Rules for geography-based intellectual property readied
The Intellectual Property Office of the Philippines (IPOPHL) has drafted the implementing rules and regulations on geographical indications (GI)—which essentially identify a good to a specific locality—in a bid to strengthen the protection of these products in the country.
The regulations, drafted by the Bureau of Trademarks, aims to fulfill the recognition of GIs as “protectable” intellectual property under the law. It will also fulfill the obligation of the Philippines as a member of the World Trade Organization to provide reciprocal rights and GI protection to other members.
In a recent statement, the IPOPHL said the draft defines GI “any indication which identifies a good as originating in a territory, region or locality, where a given quality, reputation, or other characteristic of the good is essentially attributable to its geographical origin and/or human factors.”
IPOPHL, citing the draft, said it is important to protect GIs since it is vital in the competitive advantage of local and indigenous products. Protection for a GI is not subject to a certain period and will remain valid unless its registration is canceled.
Under the draft, registrants will have rights to prevent their products from being misused by other stakeholders, such as a false representation that the good actually comes from somewhere else, among cases. GIs in the Philippines are protected under the trademarks section of the Intellectual Property Code of 1997. The popular Guimaras Mangoes and the Tau Sebu “T’nalak,” registered as collective marks, are identified as potential GIs.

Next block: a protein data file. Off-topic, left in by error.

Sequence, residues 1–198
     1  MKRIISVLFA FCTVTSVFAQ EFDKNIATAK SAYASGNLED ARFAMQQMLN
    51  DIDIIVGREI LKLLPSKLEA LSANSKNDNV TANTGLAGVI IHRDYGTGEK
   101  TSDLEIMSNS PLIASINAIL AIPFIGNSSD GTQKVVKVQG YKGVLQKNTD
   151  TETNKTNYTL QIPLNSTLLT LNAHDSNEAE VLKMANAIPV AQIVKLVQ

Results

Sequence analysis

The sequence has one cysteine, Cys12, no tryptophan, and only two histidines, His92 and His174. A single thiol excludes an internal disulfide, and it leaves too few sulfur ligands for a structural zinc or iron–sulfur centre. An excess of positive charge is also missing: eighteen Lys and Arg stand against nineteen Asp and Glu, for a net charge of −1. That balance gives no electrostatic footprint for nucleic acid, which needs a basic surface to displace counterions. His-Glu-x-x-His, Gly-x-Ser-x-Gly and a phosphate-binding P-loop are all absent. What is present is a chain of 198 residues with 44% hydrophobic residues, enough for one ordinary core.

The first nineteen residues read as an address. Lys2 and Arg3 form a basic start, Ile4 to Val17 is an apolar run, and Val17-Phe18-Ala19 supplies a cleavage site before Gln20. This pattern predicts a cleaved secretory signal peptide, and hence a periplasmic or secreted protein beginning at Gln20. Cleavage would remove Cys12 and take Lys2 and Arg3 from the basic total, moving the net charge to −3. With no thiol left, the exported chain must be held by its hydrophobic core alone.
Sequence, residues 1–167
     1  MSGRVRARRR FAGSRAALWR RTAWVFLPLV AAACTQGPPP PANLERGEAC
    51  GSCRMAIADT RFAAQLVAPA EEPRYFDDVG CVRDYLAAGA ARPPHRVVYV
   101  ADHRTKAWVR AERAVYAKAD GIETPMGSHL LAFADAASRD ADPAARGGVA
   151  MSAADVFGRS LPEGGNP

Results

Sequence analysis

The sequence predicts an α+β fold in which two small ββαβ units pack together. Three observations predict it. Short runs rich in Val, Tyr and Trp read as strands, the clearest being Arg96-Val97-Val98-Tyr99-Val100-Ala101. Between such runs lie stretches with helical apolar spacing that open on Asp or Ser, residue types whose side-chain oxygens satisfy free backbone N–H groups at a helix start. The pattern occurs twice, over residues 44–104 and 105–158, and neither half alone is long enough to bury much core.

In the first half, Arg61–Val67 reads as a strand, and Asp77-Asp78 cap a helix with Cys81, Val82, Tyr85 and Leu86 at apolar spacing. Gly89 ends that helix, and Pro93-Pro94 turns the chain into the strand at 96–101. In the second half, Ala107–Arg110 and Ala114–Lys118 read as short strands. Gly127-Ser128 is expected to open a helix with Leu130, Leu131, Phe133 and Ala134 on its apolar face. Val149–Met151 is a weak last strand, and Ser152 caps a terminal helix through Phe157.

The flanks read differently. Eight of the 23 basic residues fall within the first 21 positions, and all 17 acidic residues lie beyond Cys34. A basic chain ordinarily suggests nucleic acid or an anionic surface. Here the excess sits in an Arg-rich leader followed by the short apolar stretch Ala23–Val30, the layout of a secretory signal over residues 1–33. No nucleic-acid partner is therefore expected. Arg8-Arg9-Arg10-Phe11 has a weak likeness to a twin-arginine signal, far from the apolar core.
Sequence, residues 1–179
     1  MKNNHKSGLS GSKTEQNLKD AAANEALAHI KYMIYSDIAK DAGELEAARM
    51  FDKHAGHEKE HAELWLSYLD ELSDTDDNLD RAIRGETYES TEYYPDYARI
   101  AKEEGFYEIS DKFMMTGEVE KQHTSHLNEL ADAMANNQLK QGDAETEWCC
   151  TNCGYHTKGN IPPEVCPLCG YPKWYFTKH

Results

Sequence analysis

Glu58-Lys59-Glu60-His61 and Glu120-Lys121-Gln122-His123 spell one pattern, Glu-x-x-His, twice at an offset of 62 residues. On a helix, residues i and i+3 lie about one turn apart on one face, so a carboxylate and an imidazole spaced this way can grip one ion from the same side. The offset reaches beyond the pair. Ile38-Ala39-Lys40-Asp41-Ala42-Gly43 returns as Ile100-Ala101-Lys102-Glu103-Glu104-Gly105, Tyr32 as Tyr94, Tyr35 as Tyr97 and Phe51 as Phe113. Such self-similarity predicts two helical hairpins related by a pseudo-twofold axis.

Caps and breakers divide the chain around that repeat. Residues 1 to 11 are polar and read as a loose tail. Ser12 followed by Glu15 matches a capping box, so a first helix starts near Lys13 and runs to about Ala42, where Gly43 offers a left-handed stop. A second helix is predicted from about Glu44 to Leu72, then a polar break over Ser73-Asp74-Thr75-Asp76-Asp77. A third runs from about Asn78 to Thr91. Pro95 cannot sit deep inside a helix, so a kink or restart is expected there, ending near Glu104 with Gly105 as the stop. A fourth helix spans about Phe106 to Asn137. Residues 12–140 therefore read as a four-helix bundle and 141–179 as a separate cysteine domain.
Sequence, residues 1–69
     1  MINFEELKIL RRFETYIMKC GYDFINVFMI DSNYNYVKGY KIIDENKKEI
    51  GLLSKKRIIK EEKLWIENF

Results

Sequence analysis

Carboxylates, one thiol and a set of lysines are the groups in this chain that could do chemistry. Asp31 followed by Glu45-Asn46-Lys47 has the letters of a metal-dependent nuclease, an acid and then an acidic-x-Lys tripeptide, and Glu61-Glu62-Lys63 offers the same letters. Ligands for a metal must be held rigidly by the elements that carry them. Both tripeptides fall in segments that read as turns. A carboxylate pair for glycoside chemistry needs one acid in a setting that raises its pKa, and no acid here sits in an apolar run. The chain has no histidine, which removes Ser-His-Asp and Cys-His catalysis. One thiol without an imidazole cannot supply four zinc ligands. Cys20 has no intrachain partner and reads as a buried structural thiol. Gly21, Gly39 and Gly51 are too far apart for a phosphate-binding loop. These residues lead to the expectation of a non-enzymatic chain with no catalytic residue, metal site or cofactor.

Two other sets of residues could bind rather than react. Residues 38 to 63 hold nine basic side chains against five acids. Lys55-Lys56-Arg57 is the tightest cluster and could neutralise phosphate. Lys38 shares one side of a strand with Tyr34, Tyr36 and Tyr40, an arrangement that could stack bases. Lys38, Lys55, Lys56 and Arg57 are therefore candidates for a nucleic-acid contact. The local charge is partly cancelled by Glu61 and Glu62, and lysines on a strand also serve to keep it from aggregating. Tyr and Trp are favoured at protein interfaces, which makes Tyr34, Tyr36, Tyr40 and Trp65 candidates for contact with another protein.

Other possible examples are Bicol Pili, Davao Pomelo, Cordillera Heirloom Rice; Camiguin “Lanzones;” Davao Cacao; Kalinga Coffee; Antique’s Bagtason Loom; Aurora’s Sabutan Weave; Samar’s Basey Banig; Basilan and Zamboanga’s Yakan cloth; and, most recently, the Masbate beef and Baguio Strawberry.
“We hope we can finalize and implement the [regulations] soon so we can make our unique and high-quality Philippine products more attractive. Supporting these goods to have the global spotlight they deserve, will make a tangible difference in the lives of our farmers, our weavers and all who make up our GI landscape,” Director General Rowel Barba said.
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